Archive for the ‘Lost Books’ Category

Lost Books – A Coin in NIne Hands

September 2, 2020

A Coin in Nine Hands is one of Marguerite Yourcenar’s earlier works, originally published in 1934, although, as an afterword from the author explains, this is a revised version from 1959, translated in 1971 by Dori Katz (in collaboration with Yourcenar). That the original had been subject to censorship is perhaps unsurprising as it centres around the attempted assassination of a political leader who is clearly intended to be Mussolini, though the later version was entirely rewritten rather than simply restored. The novel’s conceit is apparent from the title: it uses a ten lira coin to link its characters during one dramatic day. Though each chapter focuses mainly on a single character, we gradually see that all are interlinked, and a character who is merely mentioned in one chapter may well appear in person in another.

The novel opens harmlessly enough with a brief chapter describing prosperous businessman Paolo Farina who, we are told, is regarded sympathetically since his wife, Angiola, left him (marriages – particularly unhappy marriages – will be a recurrent theme of the novel at a time when divorce is not legal). He copes with his wife’s absence by frequenting prostitutes, and a particular favourite of his, Lina Chiari (whose voice reminds him of Angiola – “since all women have more or less the same body”), will be the subject of then next chapter. Here the tone darkens a little as we discover Lina has finally plucked up the courage to see a doctor as she has developed a lump on her breast and fears the worst. Her only comfort is:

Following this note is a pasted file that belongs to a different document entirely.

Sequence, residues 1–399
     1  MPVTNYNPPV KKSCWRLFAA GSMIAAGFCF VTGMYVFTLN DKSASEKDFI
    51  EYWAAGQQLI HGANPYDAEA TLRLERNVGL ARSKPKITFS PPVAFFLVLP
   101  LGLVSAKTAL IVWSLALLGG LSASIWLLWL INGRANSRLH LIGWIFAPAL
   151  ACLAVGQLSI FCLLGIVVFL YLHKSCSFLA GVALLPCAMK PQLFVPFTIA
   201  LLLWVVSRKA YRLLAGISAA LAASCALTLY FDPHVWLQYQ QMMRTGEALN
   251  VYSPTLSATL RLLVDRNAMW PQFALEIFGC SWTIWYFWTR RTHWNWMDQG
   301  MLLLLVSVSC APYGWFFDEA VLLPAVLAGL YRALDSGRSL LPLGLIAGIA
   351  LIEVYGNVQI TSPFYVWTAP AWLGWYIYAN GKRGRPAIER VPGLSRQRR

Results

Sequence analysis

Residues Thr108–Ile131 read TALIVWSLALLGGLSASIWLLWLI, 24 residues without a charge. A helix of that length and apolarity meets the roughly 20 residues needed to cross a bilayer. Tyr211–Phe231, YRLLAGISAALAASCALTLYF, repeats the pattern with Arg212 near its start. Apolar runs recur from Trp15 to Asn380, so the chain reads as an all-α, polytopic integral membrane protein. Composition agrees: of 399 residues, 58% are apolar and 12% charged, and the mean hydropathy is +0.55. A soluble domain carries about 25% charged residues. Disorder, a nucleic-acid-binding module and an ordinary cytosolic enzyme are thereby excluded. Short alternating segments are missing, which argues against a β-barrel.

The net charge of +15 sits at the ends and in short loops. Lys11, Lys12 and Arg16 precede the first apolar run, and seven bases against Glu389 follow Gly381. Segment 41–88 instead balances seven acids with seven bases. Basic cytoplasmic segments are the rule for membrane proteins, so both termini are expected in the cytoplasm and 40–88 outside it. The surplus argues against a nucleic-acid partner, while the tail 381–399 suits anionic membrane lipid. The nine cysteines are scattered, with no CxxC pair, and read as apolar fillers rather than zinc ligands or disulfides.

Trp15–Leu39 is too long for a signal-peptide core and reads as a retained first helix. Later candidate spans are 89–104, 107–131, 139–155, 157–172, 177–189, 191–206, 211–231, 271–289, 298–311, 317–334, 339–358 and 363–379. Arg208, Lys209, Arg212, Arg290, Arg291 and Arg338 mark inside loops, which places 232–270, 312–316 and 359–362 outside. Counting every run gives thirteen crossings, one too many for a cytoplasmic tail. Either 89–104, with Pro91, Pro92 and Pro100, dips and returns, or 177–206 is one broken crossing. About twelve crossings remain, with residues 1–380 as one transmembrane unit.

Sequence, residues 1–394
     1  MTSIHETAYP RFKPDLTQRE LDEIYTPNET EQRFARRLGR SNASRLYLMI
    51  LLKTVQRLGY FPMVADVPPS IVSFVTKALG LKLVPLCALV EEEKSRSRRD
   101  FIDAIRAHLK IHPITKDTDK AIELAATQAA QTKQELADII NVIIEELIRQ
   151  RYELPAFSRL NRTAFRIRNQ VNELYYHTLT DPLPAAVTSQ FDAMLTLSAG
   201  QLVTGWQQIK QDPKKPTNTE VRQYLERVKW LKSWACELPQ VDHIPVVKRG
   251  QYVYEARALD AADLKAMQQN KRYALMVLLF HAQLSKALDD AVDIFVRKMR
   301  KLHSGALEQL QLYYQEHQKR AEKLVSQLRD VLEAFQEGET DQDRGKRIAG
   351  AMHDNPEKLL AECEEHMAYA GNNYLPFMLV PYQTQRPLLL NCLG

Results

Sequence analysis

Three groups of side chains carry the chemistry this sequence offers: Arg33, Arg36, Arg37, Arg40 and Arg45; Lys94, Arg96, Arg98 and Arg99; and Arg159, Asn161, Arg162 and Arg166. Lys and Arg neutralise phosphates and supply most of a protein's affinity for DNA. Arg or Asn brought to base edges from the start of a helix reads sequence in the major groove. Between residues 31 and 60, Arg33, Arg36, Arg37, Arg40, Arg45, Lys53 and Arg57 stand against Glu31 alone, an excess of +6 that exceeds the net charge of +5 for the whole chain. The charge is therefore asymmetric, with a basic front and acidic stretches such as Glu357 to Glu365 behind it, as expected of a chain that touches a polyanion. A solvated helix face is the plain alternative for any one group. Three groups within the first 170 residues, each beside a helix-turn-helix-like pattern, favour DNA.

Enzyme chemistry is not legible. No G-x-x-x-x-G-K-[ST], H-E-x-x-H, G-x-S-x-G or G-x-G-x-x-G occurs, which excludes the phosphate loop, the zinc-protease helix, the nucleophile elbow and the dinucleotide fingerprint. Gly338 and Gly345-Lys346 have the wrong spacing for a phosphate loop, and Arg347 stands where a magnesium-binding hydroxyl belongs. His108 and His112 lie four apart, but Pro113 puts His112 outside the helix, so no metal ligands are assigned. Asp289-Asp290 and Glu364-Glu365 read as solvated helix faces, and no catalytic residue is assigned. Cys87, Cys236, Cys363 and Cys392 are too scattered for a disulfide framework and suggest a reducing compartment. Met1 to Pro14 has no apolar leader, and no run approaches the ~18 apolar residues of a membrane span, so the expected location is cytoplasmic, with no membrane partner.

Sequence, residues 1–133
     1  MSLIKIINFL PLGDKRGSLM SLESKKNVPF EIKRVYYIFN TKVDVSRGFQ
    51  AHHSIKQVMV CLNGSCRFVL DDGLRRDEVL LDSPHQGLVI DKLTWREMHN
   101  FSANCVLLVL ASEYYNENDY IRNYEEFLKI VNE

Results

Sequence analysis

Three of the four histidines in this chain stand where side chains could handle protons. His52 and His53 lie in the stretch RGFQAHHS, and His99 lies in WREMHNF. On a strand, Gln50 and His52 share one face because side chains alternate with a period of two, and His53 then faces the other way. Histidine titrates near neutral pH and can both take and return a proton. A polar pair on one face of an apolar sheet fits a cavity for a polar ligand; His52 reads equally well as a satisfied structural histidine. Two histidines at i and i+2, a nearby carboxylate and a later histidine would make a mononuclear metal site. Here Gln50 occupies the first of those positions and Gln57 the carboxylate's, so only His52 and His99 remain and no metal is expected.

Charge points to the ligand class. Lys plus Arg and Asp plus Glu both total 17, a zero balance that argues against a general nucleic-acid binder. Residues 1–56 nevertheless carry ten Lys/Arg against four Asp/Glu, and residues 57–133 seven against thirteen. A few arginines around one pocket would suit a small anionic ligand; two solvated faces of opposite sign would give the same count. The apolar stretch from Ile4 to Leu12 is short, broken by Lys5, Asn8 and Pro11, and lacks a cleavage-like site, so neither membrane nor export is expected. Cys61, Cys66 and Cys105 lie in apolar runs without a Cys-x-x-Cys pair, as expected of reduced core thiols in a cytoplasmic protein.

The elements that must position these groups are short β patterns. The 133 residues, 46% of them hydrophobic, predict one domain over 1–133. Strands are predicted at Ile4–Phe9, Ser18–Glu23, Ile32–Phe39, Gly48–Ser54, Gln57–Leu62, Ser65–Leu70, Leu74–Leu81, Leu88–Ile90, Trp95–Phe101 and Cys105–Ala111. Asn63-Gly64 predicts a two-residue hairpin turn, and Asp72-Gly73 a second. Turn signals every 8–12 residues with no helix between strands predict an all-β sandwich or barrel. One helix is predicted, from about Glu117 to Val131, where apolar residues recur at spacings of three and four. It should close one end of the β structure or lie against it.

“…she savoured the consolation of telling herself that she would no longer have to worry about finding money, about cooking or doing her laundry, that, from now on, all she had to do is suffer.”

Yourcenar slowly develops a sense of hopelessness. Farina may seem superficially contented but he is fully aware, “Love can’t be bought.” In the third chapter we meet shop owner Giulio Lousi from whom Lina buys a lipstick. He is troubled by a nagging wife, and a daughter with a disabled child whose husband has left her:

“…all this conspired to make Giulio not quite the most unhappy of mortals, for there was vanity to claiming that title, but at least a poor man with his share of troubles like everyone else.”

In the next chapter, Rosalio di Credo, Angiola’s sister, tells us “unhappiness had become a habit”:

“Stifled by unhappiness as by sudden asphyxiation she quickly opened the window.”

It is as Giulio and Rosalio are in church that we first catch a glimpse of Marcella Ardeati, the would-be assassin, sheltering from the rain in her black shawl:

“…hiding under it the dangerous object wrapped in brown paper that perhaps tonight would change the destiny of a people.”

Marcella’s chapter, the fifth and therefore central, is by far the longest, beginning with a confrontation between her and the wife of Carlo Stevo – once her lover, but now a political prisoner denied to both of them

“She had met Carlo Stevo at the very moment when both were desperate about the state of their country and the world.”